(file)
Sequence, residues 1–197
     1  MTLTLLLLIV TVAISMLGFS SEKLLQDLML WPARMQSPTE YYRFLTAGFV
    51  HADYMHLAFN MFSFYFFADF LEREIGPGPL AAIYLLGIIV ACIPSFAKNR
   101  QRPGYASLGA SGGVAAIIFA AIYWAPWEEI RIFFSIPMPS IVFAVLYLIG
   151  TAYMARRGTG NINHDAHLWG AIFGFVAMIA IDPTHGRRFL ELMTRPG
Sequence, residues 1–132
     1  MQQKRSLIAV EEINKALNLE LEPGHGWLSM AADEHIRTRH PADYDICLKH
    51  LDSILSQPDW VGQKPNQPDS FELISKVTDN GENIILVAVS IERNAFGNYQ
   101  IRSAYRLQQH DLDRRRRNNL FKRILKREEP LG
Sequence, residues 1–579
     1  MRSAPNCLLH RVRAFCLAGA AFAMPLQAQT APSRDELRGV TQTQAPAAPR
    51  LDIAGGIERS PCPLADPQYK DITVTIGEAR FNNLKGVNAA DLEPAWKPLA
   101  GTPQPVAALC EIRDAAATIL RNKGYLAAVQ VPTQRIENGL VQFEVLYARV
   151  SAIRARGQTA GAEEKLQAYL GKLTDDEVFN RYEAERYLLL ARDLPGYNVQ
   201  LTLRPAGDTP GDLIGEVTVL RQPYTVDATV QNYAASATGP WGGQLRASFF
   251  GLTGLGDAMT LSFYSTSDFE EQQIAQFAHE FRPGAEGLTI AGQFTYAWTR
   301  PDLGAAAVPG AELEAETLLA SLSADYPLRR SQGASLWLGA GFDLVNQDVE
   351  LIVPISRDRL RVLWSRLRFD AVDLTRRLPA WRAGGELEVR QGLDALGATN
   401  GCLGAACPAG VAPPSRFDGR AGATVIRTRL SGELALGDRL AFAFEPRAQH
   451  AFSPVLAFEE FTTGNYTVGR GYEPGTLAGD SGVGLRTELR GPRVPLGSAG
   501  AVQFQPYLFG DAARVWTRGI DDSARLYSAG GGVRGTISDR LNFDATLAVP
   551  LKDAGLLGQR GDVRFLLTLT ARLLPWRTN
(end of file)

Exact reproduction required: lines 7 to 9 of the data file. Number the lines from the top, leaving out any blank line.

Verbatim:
     1  MQQKRSLIAV EEINKALNLE LEPGHGWLSM AADEHIRTRH PADYDICLKH
    51  LDSILSQPDW VGQKPNQPDS FELISKVTDN GENIILVAVS IERNAFGNYQ
   101  IRSAYRLQQH DLDRRRRNNL FKRILKREEP LG